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With the launch of Windows Vista, many users are missing Outlook Express. Microsoft replaced Outlook Express with Windows Mail in its Vista operating system. Spokespersons for Microsoft have claimed that Outlook Express is a static program — meaning that it is not capable of transforming to meet the needs of today’s computer users. However, Microsoft may have overestimated people’s tolerance for change. Windows Mail does not work in quite the same way Outlook Express does, and many people feel frustrated by having to learn new e-mail client software.

Mozilla’s Thunderbird is proving to be a terrific stand-in for Outlook Express. The user can configure it to mimic Outlook Express’ user interface, making for a smoother transition. The fact that Thunderbird is an open source project means that security updates are prompt, and Thunderbird can download and install those updates without slowing the user down. Plus, it’s free, safe software — and everybody loves that.

Obtaining Mozilla’s Thunderbird

Going to the store won’t help you obtain Mozilla’s Thunderbird, as it is a freeware program, available for download from Mozilla’s Web site. Once you have the page open, simply follow the prompts for Thunderbird and save the executable to your desktop. Once Thunderbird is installed, you can delete the file Thunderbird Setup.exe from the desktop.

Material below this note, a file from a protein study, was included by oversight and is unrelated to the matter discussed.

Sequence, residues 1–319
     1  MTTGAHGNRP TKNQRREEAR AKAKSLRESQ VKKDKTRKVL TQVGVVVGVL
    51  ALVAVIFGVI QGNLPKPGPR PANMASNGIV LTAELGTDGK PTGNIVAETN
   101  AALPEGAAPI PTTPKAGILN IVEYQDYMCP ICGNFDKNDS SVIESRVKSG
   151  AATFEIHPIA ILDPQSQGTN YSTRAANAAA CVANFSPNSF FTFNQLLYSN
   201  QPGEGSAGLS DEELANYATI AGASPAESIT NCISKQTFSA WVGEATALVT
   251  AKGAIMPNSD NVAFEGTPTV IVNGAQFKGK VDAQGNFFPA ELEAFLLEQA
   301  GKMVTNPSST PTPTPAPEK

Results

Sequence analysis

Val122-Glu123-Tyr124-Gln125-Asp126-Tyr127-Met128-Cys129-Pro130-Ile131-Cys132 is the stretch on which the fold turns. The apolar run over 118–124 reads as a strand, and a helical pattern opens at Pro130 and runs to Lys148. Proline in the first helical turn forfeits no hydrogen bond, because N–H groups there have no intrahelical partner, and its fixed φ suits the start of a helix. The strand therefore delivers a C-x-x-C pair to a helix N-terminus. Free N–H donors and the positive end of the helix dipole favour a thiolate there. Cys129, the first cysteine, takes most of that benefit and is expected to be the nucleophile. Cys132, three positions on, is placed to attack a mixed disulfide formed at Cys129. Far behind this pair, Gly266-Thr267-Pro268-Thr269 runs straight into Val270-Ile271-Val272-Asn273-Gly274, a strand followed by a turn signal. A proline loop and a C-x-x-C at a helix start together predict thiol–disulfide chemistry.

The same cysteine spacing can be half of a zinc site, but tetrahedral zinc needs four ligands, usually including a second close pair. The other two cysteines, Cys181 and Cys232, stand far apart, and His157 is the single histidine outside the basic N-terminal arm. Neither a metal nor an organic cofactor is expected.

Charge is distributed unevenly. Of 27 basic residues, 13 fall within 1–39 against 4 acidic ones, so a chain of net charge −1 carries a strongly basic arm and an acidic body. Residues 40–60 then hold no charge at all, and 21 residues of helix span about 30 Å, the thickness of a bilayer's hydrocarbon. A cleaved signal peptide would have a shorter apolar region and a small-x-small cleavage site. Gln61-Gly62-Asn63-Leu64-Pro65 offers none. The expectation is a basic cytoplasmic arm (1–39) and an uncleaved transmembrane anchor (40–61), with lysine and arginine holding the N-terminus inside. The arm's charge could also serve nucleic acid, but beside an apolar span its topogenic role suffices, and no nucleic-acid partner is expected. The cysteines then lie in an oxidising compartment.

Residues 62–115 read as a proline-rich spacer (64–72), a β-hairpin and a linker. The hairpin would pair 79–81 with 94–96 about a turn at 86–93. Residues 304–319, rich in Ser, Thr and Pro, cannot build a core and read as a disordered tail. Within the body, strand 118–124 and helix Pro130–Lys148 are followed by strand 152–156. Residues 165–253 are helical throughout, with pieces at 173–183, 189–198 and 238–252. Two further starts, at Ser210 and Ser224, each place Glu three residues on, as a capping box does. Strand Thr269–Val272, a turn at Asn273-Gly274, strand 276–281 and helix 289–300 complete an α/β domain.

Installing Mozilla’s Thunderbird

Start the install simply by double-clicking on the Thunderbird Setup.exe file (Figure A), and following the prompts

Figure A


You will need to read and accept the End User License Agreement, and most users will choose the Standard setup (Figure B). You can make setup changes to Thunderbird from inside the program once it is installed.

Figure B

Setup type

Once the installer does its thing, go ahead and let it start Thunderbird, and click Finish.

Importing your Outlook Express address book, saved e-mail, and settings the easy way

The first time you run Mozilla’s Thunderbird, you should be asked upon startup what program, if any, you would like to import address book information, saved e-mail, and settings from. Just choose the appropriate program. In this case, we will choose Outlook Express (Figure C) and click Next.

Figure C


Thunderbird will take a few minutes to complete the import, and once it is finished, you will find that all of your e-mail information and settings have been set up for you by Mozilla’s Thunderbird. You will then be asked what, if anything, you want Thunderbird to be the default client for. (Figure D)

Figure D

Default client

Now you will be asked to enter the passwords for each of your e-mail accounts. While it would be nice if Thunderbird imported these for you, they are encrypted information, and no program should ever automatically get passwords from another program — it’s a safety feature. Thunderbird will then give you a Master Password Notice. (Figure E) Read it carefully — if you share your computer or are not behind a firewall, you may want to set a master password. Either way, you will now click OK.

Figure E

Master password

The tricky password portion